Public policy think tank Niti Aayog plans to roll out a ‘battery swapping policy’ – which will give electric vehicle buyers an option not to own its battery thereby bringing down the upfront cost and fast-tracking EV adoption – in the next 3-4 months.
“I am confident that electric vehicles will be cheaper than ICE engine vehicles in the near future,” Niti Aayog chief executive Amitabh Kant said.
The proposed policy will introduce disruptive business models such as battery as a service (BaaS), leasing, etc. so that electric two-wheeler and three-wheeler customers need not own the battery, which is about 50% of the total vehicle cost, bringing down the upfront vehicle cost much below the ICE counterparts.
The policy will also provide EV owners flexibility to swap batteries at swap stations within minutes, and charge them at home, people aware of the matter said.
“This policy will take care of the upfront cost and the ‘range anxiety’ (fear that battery charge will run out before reaching the destination or a charging point), initially targeting shared mobility and delivery vehicles,” said Chetan Maini, cofounder and chairman of Sun Mobility, a company engaged in developing and operating energy infrastructure for electric mobility.
The battery swapping policy needs to be implemented in the next 2-3 months to scale up EV ecosystem and give a push to adoption of EVs in the country, Maini said.
“The customer should be given the flexibility, and both options (fixed and swappable) should co-exist,” he said.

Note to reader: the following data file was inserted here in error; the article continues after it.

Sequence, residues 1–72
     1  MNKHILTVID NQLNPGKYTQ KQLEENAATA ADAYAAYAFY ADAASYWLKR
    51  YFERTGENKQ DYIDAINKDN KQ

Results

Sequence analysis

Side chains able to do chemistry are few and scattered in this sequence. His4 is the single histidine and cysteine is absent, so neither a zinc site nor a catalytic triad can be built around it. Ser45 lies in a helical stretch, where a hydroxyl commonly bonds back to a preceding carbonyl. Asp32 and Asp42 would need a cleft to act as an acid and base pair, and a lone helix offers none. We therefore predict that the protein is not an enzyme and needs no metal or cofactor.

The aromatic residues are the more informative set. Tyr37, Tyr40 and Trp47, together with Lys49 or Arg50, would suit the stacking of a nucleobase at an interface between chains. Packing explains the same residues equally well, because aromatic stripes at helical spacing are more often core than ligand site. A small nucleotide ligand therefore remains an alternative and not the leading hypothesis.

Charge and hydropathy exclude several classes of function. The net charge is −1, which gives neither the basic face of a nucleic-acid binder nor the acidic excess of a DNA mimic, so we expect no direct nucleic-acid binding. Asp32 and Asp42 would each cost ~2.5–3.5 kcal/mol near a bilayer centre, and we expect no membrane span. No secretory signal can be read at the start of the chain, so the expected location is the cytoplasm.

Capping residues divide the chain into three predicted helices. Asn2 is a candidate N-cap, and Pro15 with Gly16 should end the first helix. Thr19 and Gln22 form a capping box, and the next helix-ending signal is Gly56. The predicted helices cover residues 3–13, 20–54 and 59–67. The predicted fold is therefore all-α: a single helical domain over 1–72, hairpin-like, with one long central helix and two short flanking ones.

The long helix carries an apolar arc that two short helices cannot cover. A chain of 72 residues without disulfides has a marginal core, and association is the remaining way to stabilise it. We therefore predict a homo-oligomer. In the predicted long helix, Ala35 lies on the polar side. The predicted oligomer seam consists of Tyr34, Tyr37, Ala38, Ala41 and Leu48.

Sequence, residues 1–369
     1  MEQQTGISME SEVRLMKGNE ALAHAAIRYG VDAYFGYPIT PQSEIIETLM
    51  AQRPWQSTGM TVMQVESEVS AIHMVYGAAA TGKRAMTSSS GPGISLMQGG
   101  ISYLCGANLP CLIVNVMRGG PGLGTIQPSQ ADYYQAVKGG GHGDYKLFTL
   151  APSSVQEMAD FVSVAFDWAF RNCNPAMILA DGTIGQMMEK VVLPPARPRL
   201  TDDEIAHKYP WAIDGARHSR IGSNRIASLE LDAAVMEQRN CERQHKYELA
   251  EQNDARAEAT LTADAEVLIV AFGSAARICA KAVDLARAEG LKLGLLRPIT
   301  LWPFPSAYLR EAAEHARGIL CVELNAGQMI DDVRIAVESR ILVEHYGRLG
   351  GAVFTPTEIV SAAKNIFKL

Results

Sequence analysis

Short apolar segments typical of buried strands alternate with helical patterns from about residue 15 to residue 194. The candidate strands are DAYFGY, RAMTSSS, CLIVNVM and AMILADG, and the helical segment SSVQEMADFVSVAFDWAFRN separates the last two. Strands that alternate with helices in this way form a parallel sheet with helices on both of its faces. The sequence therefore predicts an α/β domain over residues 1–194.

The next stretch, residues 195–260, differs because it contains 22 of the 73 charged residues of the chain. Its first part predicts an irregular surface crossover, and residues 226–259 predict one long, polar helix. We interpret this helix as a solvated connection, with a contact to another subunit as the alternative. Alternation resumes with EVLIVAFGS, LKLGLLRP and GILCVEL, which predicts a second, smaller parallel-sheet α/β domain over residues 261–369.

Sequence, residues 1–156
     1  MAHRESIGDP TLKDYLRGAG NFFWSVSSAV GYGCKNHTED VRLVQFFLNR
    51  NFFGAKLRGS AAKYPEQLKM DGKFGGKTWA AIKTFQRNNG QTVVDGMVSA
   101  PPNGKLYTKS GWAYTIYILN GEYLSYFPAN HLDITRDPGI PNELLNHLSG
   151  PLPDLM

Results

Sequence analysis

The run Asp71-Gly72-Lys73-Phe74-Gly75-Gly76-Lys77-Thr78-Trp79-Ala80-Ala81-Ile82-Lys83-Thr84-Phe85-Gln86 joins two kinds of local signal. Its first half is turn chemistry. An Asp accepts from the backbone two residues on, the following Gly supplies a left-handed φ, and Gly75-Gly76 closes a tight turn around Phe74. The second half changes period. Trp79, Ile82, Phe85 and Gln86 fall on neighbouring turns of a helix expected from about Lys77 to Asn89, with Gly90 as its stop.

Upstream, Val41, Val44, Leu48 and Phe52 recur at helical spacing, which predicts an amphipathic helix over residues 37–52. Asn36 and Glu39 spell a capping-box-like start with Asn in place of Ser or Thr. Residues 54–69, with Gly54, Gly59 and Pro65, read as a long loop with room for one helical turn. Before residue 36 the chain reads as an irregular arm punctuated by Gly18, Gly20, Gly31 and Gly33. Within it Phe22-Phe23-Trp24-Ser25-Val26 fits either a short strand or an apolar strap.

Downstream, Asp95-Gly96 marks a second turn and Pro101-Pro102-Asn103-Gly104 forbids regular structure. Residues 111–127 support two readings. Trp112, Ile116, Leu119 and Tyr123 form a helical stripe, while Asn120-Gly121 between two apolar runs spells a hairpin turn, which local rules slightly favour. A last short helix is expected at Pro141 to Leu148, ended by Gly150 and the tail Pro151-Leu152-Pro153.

Aayog’s Kant said the focus in the initial phase will be to cater to light electric vehicles where it is easy to plug and play batteries from the vehicles to the battery swapping stations.
“We have a proven test bed, from startups like Sun Mobility (and) Battery Smart, among others, who have technologically showcased the feasibility of battery swapping for electric two and three-wheelers,” he said. “This evolving technology of battery swapping will act as an alternative to decouple the cost of battery from the vehicle for almost all segments.”
Aayog held the first pre-draft stakeholder discussion for he proposed policy earlier this month, where participants included vehicle OEMs , battery OEMs, financiers, think tanks, multimodal agencies, and independent experts and consultants.
Sulajja Firodia Motwani, CEO of electric two and three-wheeler maker Kinetic Green Energy & Power Solutions, said that after the Fame-2 and state incentives to bring down EV prices and the performance-linked incentive (PLI) schemes for original equipment manufacturers (OEMs) and component makers, the focus is now shifting towards the ecosystem for faster EV deployment.
Even when the Fame-2 subsidies end, the upfront cost of EV to the consumer should be low, Motwani said.
While battery swapping is still at a nascent stage globally, it is gaining ground, especially for commercial and fleet operations, and India is set to emerge a leader in this space with its proposed policy.
The policy intends to provide a level-playing field to all battery service providers by creating new avenues of investments in innovative business models such as BaaS.
Standardisation of battery is a key – EV manufacturers will have to design vehicles in such a way that swappable batteries can be used, experts said.
This will increase the confidence among battery manufacturers, OEMs, charge-point operators and, most importantly, consumers with a clear policy roadmap, they said.
Battery swapping will also minimise recharging time to about two minutes, which is less than the time it takes to top up the fuel tank of ICE (internal combustion engine) vehicles, experts said.
With the battery being charged under the supervision of the manufacturer or service provider, the life of the battery will also increase, said an official of a Mumbai-based finance company.